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40 years of active presence

Friday, December 1, 2023

    RELIGIOUS LIFE synagogual architecture

    The synagogue is the centre of a Jewish community and a place of communal prayer and study. Synagogue architecture obeyed certain religious dictates, called the halahot, and state building regulations, but was also influenced by architectural traditions in the local community. There are two main types of synagogue in Greece, the Romaniote and the Sephardic, and they differ in the way certain basic features are arranged.

    Both synagogues of Ioannina, the Old Synagogue Kahal Kadosh Yashan and the New Synagogue Kahal Kadosh Hadash that was built by Jews from Italy and Sicily who settled in Ioannina in the 16th century, were reconstructed in accordance with the Romaniote type, but with visible Byzantine and Romanesque influence.

    As the centuries went by, the Old Synagogue Kahal Kadosh Yashan in the Jewish quarter within the castle walls has passed through several building phases. However, the most extensive construction work was carried out in 1829, which gave the synagogue its present form. There is a fountain in the courtyard and a permanent structure for the sukkah, the Sukkot hut for the feast of booths (tabernacles). The entrance to the spacious ground floor, intended exclusively for men, is on the west. Women reach the mehitzah, a screened off balcony for women, via a flight of outdoor steps on the north wall. Four pillars joined to one another by arches delineate the square space in the centre of the main hall. The two most fundamental features in any synagogue are the ehal, a niche or cabinet in the east wall where the sacred books of the Torah are kept (in this synagogue it is integrated into a marble superstruction) and on the west wall the raised bima (pulpit) from where the Torah was read on Saturdays, feast days and during religious ceremonies. There is also a floor-level tevah, or book stand directly opposite the ehal.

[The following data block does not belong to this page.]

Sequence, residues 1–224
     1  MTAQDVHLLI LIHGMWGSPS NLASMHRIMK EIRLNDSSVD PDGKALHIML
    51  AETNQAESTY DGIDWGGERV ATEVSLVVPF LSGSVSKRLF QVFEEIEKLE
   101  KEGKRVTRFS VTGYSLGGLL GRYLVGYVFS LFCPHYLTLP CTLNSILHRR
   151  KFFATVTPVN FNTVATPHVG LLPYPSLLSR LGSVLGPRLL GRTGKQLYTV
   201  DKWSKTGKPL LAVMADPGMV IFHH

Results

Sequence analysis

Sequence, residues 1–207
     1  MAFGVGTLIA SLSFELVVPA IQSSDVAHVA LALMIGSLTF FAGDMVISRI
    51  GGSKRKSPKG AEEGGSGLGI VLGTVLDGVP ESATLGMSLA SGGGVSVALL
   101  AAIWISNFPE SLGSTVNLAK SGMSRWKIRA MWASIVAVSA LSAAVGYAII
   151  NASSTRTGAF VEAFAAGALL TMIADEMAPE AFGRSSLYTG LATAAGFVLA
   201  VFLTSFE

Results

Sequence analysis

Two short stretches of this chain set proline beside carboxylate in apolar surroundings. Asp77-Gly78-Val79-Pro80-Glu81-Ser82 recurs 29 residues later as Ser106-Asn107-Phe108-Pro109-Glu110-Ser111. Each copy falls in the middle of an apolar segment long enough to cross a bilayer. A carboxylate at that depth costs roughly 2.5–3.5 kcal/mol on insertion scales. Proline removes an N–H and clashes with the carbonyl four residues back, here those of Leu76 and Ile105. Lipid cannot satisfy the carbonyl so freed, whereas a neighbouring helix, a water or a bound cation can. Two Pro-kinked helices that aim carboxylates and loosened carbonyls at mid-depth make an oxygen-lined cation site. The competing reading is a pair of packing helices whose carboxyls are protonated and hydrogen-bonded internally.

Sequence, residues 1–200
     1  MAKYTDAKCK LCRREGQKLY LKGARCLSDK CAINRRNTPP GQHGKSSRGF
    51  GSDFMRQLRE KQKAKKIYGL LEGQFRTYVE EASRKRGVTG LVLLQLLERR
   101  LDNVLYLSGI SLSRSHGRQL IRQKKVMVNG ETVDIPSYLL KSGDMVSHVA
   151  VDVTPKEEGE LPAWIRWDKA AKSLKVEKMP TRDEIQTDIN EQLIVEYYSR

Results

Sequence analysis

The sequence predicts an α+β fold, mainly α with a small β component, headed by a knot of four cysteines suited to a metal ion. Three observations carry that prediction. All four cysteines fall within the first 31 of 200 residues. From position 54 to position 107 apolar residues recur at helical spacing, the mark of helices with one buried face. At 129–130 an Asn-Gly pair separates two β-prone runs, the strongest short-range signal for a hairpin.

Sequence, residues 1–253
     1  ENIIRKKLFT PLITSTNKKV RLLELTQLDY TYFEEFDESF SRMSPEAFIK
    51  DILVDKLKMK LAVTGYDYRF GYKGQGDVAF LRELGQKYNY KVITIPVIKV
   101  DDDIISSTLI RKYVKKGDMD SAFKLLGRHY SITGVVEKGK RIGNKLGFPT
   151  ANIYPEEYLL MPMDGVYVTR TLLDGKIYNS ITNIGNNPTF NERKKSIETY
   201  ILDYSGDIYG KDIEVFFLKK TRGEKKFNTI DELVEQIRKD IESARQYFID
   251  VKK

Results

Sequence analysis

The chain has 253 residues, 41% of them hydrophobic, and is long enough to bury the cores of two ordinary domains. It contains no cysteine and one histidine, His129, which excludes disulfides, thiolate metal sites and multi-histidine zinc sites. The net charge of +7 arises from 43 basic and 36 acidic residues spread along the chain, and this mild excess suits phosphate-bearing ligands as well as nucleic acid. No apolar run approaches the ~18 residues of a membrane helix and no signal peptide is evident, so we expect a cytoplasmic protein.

The synagogues of Ioannina also had a special feature in the form of a small building, known as the minyan, next to the main synagogue and used as auxiliary space. Services were held here on weekdays when the minimum number of attendants required was present.

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